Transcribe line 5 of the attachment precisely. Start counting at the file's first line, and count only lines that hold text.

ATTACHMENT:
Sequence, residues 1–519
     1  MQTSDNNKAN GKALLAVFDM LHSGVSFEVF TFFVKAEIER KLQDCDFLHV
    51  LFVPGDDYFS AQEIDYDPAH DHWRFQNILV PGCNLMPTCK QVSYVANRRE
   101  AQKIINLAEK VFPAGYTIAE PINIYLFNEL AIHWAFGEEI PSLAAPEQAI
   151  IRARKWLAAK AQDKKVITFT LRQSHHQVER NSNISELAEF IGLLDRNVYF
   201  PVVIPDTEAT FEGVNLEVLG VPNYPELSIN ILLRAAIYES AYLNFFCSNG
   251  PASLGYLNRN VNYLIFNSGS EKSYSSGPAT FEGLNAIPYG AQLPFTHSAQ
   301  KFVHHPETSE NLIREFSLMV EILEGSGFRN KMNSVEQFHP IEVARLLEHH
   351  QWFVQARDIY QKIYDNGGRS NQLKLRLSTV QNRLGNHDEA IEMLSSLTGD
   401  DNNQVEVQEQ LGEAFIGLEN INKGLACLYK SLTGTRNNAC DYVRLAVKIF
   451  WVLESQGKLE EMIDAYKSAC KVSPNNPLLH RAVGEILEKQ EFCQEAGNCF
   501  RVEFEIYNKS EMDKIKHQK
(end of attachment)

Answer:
   151  IRARKWLAAK AQDKKVITFT LRQSHHQVER NSNISELAEF IGLLDRNVYF